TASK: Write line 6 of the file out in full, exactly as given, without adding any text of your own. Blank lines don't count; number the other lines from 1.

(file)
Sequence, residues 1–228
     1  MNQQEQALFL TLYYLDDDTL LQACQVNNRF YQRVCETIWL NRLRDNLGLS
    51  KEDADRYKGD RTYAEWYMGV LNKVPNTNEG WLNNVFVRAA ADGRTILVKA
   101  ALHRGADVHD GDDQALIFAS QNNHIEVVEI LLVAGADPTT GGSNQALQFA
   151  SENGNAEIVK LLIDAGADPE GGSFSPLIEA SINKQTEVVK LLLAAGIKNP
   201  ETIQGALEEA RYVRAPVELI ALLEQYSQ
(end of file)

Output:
   201  ETIQGALEEA RYVRAPVELI ALLEQYSQ